Just about all the time, a bite is a quick attack and retreat. Rarely, though, a chameleon will bite and hang on. I have had them bite and then try to work their way deeper. It is quite disconcerting to realize there is some crocodile in the lower recesses of our beloved chameleon’s brain. If you are bitten, consider that a warning that another bite is imminent unless conditions change. And by conditions I mean how close you are to your chameleon. This can be difficult if the chameleon is crawling on your arm and biting at your other hand that is trying to keep said rage beast away from your ear and face that are in the direction the chameleon is running. This is where we start losing control and start feeling that fight or flight coming up in ourselves! Please try and keep yourself in your higher brain functions and realize that your chameleon will not be seeing your ear or face as a place to attack you. Well, probably. I wouldn’t put anything past Bad Girl, but, most likely, this chameleon is just trying to get to the top of your head which is security in their brains. They are not looking for your weak spots. The best way for you to reset the situation and get you both back in your corners is to lean up against curtains or anything else that your chameleon can climb on to get away from you. Once there you can try and move him by getting him on a branch or, if all else fails, just turn off the lights and wait until your little angel falls asleep. Take out your flashlight and find your chameleon. You may need a ladder or step stool. You then use the safety grip with one hand enveloping the body and preventing the head from turning back on you. The other hand will gently pry the feet an d tail off the perch with the job of making sure the thrashing tail does not end up in the aimlessly chomping mouth. Gently place your chameleon back into his cage by placing one foot at a time on the perch until all four are grabbing the branch. You can then let go. Sometimes you chameleon will complicate things by grabbing their own body parts. It is comical, but frustrating when you can’t pry a foot off of a leg without hurting the leg. Often the situation will right itself when the other feet are firmly grasping a branch. But if you do this while they are asleep they may still have their eyes closed and you’ll have to help them regain their footing. Just put the other two feet on the perching branch and support the chameleon only as much as is necessary to keep them from falling. As the adrenaline dissipates the normal brain functions will engage and the chameleon will revert back to normal branch perching. You can then slowly step back and say good night to your friend.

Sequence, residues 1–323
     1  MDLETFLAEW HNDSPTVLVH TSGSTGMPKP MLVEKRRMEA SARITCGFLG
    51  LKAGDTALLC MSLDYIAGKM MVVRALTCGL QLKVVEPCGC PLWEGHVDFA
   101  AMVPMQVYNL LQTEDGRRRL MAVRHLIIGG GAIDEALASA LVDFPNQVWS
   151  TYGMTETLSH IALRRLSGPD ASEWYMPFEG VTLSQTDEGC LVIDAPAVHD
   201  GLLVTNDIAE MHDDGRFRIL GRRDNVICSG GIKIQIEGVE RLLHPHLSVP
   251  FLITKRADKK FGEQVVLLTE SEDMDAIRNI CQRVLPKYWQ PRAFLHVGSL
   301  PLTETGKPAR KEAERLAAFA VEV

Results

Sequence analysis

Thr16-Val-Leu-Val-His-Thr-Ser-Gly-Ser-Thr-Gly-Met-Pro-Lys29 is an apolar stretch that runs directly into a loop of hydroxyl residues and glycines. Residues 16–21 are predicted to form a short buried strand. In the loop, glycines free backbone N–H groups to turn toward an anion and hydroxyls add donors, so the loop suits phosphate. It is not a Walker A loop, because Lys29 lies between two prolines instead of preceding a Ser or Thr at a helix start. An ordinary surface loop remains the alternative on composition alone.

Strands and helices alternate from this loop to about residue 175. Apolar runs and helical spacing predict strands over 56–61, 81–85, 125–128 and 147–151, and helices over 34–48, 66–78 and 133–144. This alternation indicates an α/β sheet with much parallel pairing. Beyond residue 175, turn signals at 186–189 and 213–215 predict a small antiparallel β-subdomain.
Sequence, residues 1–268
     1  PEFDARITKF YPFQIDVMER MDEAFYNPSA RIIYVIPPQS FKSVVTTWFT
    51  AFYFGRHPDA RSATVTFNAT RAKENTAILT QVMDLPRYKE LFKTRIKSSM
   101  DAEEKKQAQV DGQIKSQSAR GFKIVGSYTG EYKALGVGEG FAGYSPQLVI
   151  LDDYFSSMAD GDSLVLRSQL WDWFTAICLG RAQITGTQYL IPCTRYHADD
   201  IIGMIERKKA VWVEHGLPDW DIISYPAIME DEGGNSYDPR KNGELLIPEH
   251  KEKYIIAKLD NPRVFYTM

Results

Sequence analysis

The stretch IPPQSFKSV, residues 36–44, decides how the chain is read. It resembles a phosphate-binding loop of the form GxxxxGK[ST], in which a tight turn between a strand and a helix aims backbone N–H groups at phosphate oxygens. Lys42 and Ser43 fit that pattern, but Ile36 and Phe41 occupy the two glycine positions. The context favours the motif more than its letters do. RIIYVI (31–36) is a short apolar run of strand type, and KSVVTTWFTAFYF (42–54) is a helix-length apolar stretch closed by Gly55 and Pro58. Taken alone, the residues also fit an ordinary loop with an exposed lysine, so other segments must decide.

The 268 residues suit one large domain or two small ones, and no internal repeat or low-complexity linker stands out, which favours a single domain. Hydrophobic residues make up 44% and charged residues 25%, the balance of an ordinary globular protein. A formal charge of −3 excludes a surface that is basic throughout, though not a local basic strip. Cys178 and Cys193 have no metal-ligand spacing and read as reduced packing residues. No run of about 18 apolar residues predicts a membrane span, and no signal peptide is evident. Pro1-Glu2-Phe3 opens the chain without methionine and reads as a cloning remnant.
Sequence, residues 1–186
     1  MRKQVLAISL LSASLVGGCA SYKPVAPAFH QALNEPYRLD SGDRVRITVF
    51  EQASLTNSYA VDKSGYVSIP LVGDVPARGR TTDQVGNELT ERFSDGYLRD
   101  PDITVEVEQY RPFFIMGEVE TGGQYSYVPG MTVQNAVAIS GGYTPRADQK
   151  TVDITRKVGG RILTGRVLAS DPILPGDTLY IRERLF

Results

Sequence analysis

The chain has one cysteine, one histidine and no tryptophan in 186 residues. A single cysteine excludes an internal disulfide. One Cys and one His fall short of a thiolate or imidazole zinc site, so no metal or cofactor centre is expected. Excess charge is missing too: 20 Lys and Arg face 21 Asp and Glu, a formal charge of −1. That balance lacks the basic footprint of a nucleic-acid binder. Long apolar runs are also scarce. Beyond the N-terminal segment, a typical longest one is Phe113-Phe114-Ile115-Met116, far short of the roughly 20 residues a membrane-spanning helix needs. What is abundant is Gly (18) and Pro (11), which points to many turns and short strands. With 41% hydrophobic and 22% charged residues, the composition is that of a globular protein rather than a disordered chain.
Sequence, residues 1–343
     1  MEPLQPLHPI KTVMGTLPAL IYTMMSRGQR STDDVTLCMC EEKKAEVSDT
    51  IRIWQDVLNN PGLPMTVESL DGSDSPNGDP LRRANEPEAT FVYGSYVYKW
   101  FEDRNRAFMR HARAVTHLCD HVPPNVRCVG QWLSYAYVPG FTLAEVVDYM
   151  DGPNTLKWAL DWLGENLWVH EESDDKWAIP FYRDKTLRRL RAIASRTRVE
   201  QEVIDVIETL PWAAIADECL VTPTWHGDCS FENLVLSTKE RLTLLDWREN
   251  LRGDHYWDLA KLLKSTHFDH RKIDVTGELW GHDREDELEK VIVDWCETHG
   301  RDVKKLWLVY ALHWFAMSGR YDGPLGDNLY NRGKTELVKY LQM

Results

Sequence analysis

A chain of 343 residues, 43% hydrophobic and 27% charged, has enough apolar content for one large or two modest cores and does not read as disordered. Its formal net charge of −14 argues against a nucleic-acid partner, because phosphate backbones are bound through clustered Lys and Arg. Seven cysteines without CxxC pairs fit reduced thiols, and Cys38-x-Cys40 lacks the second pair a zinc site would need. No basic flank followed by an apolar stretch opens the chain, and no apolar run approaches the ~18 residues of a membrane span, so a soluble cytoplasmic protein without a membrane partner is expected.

There are cases where your chameleon will bite and not let go. This is a very frightened chameleon or one working solely off instinct. I had a female quadricornis in one of these six foot tall outdoor heavily planted cages. It was a late night and I was doing my night check to make sure no chameleon was sleeping on a wall part of the cage that could be accessible by opossums. Sure enough, she was on the far back screen wall. So I leaned far into the cage and could reach her only by hanging on the front cage frame. I was teetering, but I could just reach her. I got her first two feet off the screen with my fully outstretched hand when she, in her sleep, rounded about and sunk her teeth into the fleshy part between my thumb and index finger. It hurt to high heaven. But here I was teetering on one foot, leaning towards the back of the cage and my entire weight supported by my grip on the cage frame. I could not pull towards me without hurting her back two legs and there was nothing substantial enough to support my weight if I moved forward into the cage. Nobody could hear me to come and help and I sure was not going to start yelling for help. Can you imagine how I would explain to my neighbors what I had gotten myself into? Well, I had time to think as I was this living sculpture frozen in place attached by a sleeping chameleon with her mouth painfully chomped on my hand. And she was grinding in her sleep! What the heck? Every time I shifted weight just a little she would grind deeper! So I was literally frozen in place! My arm was quickly getting tired and I eventually had to ignore the pain of the bite and was able to work her back legs and tail off. If you find yourself in the very rare situation where your chameleon has clamped down on a body part and won’t let go you will have to place you chameleon on a place where he feels secure and believes he has a chance to escape if he lets go. Yes, I am telling you that you have to ignore the pain and rise above the panic of an animal taking a bite out of you. He actually may be maintaining the bite as an anchor point and not solely an aggressive move. Quickly, but smoothly, put your chameleon in his cage with his feet able to solidly grip his perching branch and he probably will release to try and escape. You can try bringing your other hand up and see if a second menacing target distracts him. Gently tap his snout or even grip his nostrils and see if giving him that distraction helps your situation. But in all of this you have to remain calm! You being bitten is never an excuse to harm this chameleon. Yes, you are in pain, but your life is not in danger. On the other hand, your chameleon thinks this may be his last day and his body cannot stand against the strength of your muscles. You have to put your pain aside and think about the safety of your chameleon. This is our duty as their guardian.